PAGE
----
It also helps to give your child constructive feedback about what they do and to challenge their perception of the situation if appropriate. Some children can catastro¬phise such events and benefit from a realistic or objective appraisal by an adult who can let them know that the situation won’t always continue and that there are a number of options for them to take. Helping children who have been subjected to repeated harassment or verbal or physical intimidation is not an easy task. They often feel powerless and that there is little they can do to stand up to others. Also children’s self-esteem can take a battering as a result of a constant barrage of disparaging comments. It takes courage and confidence to stand up to bullies and assert yourself. That’s what children need to do – but they can’t do it on their own.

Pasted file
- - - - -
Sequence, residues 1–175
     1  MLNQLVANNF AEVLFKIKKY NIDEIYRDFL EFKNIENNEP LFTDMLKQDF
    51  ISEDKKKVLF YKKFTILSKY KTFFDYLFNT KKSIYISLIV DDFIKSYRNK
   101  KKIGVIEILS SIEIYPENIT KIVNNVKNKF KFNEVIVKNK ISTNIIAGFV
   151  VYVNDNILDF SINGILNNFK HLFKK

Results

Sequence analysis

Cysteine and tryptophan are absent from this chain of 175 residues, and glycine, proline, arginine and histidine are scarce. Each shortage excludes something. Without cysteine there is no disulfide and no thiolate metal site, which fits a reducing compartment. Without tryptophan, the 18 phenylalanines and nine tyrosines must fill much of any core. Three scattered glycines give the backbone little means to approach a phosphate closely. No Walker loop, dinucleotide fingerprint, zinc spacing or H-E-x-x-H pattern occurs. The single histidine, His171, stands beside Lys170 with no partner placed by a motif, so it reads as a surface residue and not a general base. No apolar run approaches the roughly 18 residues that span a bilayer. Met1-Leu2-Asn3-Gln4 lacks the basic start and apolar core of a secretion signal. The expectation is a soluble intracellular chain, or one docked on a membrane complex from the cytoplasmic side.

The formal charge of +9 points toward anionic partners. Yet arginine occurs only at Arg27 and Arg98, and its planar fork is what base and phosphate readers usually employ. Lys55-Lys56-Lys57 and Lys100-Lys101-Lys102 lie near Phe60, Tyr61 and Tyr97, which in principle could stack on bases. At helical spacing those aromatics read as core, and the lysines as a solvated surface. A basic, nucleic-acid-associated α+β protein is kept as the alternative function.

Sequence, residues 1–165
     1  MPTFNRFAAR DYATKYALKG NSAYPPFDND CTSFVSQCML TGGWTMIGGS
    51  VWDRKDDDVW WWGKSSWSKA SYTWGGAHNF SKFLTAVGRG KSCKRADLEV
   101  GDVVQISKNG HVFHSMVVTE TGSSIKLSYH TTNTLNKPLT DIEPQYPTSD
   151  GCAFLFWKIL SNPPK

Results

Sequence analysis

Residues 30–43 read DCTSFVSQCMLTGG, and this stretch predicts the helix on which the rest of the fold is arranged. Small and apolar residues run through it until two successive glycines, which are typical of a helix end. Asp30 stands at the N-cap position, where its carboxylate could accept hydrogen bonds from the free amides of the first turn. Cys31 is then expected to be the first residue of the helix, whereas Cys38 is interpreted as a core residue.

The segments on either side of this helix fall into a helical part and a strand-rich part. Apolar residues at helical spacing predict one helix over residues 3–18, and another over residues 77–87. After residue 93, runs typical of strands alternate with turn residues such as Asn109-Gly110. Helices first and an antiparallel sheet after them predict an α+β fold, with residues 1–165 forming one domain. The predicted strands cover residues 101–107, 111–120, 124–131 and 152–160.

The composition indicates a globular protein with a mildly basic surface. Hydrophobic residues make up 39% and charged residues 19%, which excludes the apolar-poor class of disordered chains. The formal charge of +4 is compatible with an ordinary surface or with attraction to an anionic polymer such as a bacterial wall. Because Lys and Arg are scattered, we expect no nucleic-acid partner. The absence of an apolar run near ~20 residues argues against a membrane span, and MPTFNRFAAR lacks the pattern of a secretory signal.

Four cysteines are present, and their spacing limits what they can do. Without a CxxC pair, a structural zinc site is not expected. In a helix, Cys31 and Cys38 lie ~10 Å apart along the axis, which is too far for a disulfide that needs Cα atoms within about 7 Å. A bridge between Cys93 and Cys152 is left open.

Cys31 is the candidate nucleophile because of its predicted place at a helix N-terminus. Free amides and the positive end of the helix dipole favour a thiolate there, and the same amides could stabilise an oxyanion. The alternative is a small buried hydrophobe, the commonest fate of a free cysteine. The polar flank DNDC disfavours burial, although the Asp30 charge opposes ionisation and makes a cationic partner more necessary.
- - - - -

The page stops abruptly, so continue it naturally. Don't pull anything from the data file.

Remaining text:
Give them skills to cope: Often children are picked on or bullied because they make easy targets. There is no profile of a typical child who is bullied; however, the children with the following characteristics tend to be bullied more than others:

• Children who look different – small children, overweight kids or early maturing girls are often targeted by bullies.

• Children with poor body language such as slumped shoulders or those who avoid eye contact.

• Children who have different interests, or who excel in an area that has low social status.

• Those with poor social skills, who wear their hearts on their sleeves or have few friends.

Passive, non-assertive children.

• A mixture of the above characteristics.

There is little that can be done to alter the physical characteristics of a child but children can learn to act in ways that don’t make them easy targets. The development of a strong confident posture is a good place to start. Some kids have victim written all over them just by the way they walk. A strong, confident stance with a straight back and hands out of pockets sends a message of confidence both to the child herself and to others. Encourage children to practise confident body language in front of the mirror so they can see how they look.